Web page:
Gautier  --  http://www.mysunrise.ch/users/gdm/gsoft.htm

NB: For a direct answer, e-mail address on the Web site!



Fri, 29 Jul 2005 19:07:21 GMT  
 Borland Pascal 7.0 on 1.8Ghz plus computers.


Quote:

> It's looking grim for our legacy Borland Pascal 7.0 Code.  It still runs
> great on Windows ME, XP, 95, 98, NT computers and processors up to
> 1.8ghz but a customer has recently installed it on a 2.4 ghz computer.

> Every time you hit a key in the dos prompt screens of our program a have
> to wiggle the mouse a bit to get your input recognised.

Sounds like the DOS box is not being updated after the screen contents have
changed. Your DOS program is writing bytes to screen memory, either directly
or by going through the slower BIOS calls, but they won't appear on the
screen until the DOS box redraws the window.

Haven't used XP, but in other Windows versions you could toggle between
windowed and full-screen modes using alt-enter. In full-screen mode, when
data are written to screen memory the hardware makes them appear
immediately - no redrawing is required. This may be an adequate solution to
your problem, although on a big monitor it looks ugly.

Perhaps XP will not redraw the screen until the emulator is not busy.
Presumably Tame works by soaking up cycles so that the emulator is less
busy, which tricks the emulator into doing a redraw. I'm guessing this way
because I know the IDE will keep the CPU at 100%.  If this guess is anywhere
close to the mark you might benefit by googling for messages about reducing
CPU usage in the archives of this newsgroup.

FP



Fri, 29 Jul 2005 19:54:19 GMT  
 Borland Pascal 7.0 on 1.8Ghz plus computers.
Gautier schrieb:

Quote:
> MattD:

>>Has any one run into this problem?  Borland has stopped supporting old
>>versions of Pascal for years and will not help.  Is this the end of
>>Dos Pascal?

> Is there a reason not considering compiling your application with
> a 32-bit compiler, targetted at Win32 ? The main problem is that
> DOS was designed for a 4.77 Mhz machine and despite all the
> compatibility efforts put in the Virtual DOS Machine in Windows it
> becomes difficult to maintain with today's CPU clocks.

Why? Where is the problem? Windows already does catch all events
(keyboard etc.) and routes them to the DOS Box. But where's the
technical problem with to fast CPUs here? I can't see it. It's only a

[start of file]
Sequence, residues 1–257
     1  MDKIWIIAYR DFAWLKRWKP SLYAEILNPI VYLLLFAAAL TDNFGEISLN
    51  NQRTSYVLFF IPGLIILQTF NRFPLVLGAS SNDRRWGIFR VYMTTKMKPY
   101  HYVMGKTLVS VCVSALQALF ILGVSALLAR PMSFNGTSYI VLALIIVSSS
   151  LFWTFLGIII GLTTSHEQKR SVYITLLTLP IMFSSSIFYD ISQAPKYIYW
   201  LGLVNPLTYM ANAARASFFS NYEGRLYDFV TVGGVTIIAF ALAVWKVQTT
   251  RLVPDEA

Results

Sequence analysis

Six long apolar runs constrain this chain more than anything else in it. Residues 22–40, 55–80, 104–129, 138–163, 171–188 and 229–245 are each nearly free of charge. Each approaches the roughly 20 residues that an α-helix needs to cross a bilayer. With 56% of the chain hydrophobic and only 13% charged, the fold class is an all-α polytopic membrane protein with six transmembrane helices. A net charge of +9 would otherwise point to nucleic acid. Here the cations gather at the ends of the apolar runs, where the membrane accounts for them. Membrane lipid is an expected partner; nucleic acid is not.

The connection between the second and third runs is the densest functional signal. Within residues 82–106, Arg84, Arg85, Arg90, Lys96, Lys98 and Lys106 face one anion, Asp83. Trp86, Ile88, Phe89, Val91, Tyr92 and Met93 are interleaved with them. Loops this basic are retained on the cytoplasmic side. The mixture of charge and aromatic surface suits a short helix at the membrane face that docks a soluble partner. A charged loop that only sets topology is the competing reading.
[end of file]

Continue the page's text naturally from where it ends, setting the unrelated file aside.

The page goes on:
matter of scheduling, isn't it?

Greetings

Markus



Fri, 29 Jul 2005 21:26:26 GMT  
 Borland Pascal 7.0 on 1.8Ghz plus computers.

Quote:

> Gautier schrieb:
>> MattD:

>>>Has any one run into this problem?  Borland has stopped supporting old
>>>versions of Pascal for years and will not help.  Is this the end of
>>>Dos Pascal?

>> Is there a reason not considering compiling your application with
>> a 32-bit compiler, targetted at Win32 ? The main problem is that
>> DOS was designed for a 4.77 Mhz machine and despite all the
>> compatibility efforts put in the Virtual DOS Machine in Windows it
>> becomes difficult to maintain with today's CPU clocks.

> Why? Where is the problem? Windows already does catch all events
> (keyboard etc.) and routes them to the DOS Box.

Windows doesn't always do it good. E.g. NT systems have problems with DOS
mouse support.

Quote:
> But where's the technical problem with to fast CPUs here? I can't see it.
> It's only a matter of scheduling, isn't it?

In practice, the dos-subsystems of Windows are unmaintained. New hardware, and no
fixes. (iow, problems like RTE200).

I don't think the speed is the problem. Windows is.



Sat, 30 Jul 2005 02:35:12 GMT  
 Borland Pascal 7.0 on 1.8Ghz plus computers.

Thank you for all your replies.  I am in the process of trying a few of
them to see how they go.  The super-short term resolution for this is
that it DOES work in fullscreen mode (you can use alt+enter within a dos
window to do this).

Just to answer a few of your questions....

Quote:
>Bill Leary
>Have you tried adjusting idle sensitivity?
>And perhaps tinkering with the other features >(performance, fast
>paste, etc.)?

I will try the idle sensitivity as it has me curious but I have tried
all the other ms-dos options available in the propertes area.

Quote:
>Marco Van De Voort
>Of course not, there are more Dos Pascal compilers, that >are actually
>stillmaintained.
>Gautier
>Is there a reason not considering compiling your >application with a
>32-bit compiler, targetted at Win32 ?

Unless we have missed something, we have looked into this a year or two
ago.  It seems that our Borland pascal won't compile well at all on
other pascal compilers.  We looked into porting it to something like
Delphi but as this code in question is a result of 15 or more years of
legacy code it has been estimated at 1-2 years work for 2-3 people.  We
have to do it eventually, just not right now, and we need a solution in
the meantime.

Quote:
>Femme Verbeek
>For the mouse functions I use the following unit:
>http://www.tank-cleaning.demon.nl/pasfiles/mouse.pas

I will definately have a look at the code you have provided to see if
it can relate to what we are doing.  Unfortunately the link you
provided did not work.  Do you have the file handy you could possibly
e-mail me at:

Quote:
>Frank Peel

This idea worked, where did you get this theory from?  Any sources you
can point me towards?

Quote:
>Markus Humm